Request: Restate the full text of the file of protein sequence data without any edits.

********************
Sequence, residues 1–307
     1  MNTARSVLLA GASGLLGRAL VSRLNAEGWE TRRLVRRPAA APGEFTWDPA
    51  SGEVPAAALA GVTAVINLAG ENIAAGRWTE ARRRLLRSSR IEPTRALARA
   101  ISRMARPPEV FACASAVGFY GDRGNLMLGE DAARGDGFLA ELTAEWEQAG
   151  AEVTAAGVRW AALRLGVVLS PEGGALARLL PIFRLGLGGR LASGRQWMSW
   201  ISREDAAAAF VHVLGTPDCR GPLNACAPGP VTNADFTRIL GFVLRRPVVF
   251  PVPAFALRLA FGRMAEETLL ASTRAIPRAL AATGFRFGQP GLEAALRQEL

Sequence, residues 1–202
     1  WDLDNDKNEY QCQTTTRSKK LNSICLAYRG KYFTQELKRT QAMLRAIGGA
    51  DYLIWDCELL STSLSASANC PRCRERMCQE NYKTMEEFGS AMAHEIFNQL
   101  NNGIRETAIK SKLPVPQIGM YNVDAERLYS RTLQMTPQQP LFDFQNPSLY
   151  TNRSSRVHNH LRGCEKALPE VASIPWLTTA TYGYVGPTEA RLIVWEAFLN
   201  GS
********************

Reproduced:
Sequence, residues 1–307
     1  MNTARSVLLA GASGLLGRAL VSRLNAEGWE TRRLVRRPAA APGEFTWDPA
    51  SGEVPAAALA GVTAVINLAG ENIAAGRWTE ARRRLLRSSR IEPTRALARA
   101  ISRMARPPEV FACASAVGFY GDRGNLMLGE DAARGDGFLA ELTAEWEQAG
   151  AEVTAAGVRW AALRLGVVLS PEGGALARLL PIFRLGLGGR LASGRQWMSW
   201  ISREDAAAAF VHVLGTPDCR GPLNACAPGP VTNADFTRIL GFVLRRPVVF
   251  PVPAFALRLA FGRMAEETLL ASTRAIPRAL AATGFRFGQP GLEAALRQEL

Sequence, residues 1–202
     1  WDLDNDKNEY QCQTTTRSKK LNSICLAYRG KYFTQELKRT QAMLRAIGGA
    51  DYLIWDCELL STSLSASANC PRCRERMCQE NYKTMEEFGS AMAHEIFNQL
   101  NNGIRETAIK SKLPVPQIGM YNVDAERLYS RTLQMTPQQP LFDFQNPSLY
   151  TNRSSRVHNH LRGCEKALPE VASIPWLTTA TYGYVGPTEA RLIVWEAFLN
   201  GS